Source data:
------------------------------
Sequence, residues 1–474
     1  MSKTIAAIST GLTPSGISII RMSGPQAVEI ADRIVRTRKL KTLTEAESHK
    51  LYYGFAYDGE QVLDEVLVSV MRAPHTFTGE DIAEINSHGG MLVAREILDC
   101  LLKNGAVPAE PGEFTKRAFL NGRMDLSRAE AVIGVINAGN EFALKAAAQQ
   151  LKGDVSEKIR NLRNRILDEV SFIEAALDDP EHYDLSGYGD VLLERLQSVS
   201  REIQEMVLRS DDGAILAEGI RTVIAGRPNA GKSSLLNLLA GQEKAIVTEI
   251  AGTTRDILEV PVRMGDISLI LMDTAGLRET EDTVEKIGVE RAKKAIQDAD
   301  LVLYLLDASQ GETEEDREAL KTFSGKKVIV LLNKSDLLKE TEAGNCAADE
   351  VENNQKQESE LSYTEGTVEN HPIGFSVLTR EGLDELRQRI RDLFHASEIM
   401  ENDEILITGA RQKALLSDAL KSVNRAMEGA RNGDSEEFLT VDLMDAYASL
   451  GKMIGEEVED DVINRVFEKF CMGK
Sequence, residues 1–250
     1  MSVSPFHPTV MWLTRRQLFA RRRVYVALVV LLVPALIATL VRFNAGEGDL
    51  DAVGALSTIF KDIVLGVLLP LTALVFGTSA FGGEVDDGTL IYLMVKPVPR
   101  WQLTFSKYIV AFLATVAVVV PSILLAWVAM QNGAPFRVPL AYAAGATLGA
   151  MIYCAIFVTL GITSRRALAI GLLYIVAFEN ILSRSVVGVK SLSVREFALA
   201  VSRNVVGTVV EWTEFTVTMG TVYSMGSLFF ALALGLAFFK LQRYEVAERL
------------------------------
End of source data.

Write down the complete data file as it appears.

Sequence, residues 1–474
     1  MSKTIAAIST GLTPSGISII RMSGPQAVEI ADRIVRTRKL KTLTEAESHK
    51  LYYGFAYDGE QVLDEVLVSV MRAPHTFTGE DIAEINSHGG MLVAREILDC
   101  LLKNGAVPAE PGEFTKRAFL NGRMDLSRAE AVIGVINAGN EFALKAAAQQ
   151  LKGDVSEKIR NLRNRILDEV SFIEAALDDP EHYDLSGYGD VLLERLQSVS
   201  REIQEMVLRS DDGAILAEGI RTVIAGRPNA GKSSLLNLLA GQEKAIVTEI
   251  AGTTRDILEV PVRMGDISLI LMDTAGLRET EDTVEKIGVE RAKKAIQDAD
   301  LVLYLLDASQ GETEEDREAL KTFSGKKVIV LLNKSDLLKE TEAGNCAADE
   351  VENNQKQESE LSYTEGTVEN HPIGFSVLTR EGLDELRQRI RDLFHASEIM
   401  ENDEILITGA RQKALLSDAL KSVNRAMEGA RNGDSEEFLT VDLMDAYASL
   451  GKMIGEEVED DVINRVFEKF CMGK
Sequence, residues 1–250
     1  MSVSPFHPTV MWLTRRQLFA RRRVYVALVV LLVPALIATL VRFNAGEGDL
    51  DAVGALSTIF KDIVLGVLLP LTALVFGTSA FGGEVDDGTL IYLMVKPVPR
   101  WQLTFSKYIV AFLATVAVVV PSILLAWVAM QNGAPFRVPL AYAAGATLGA
   151  MIYCAIFVTL GITSRRALAI GLLYIVAFEN ILSRSVVGVK SLSVREFALA
   201  VSRNVVGTVV EWTEFTVTMG TVYSMGSLFF ALALGLAFFK LQRYEVAERL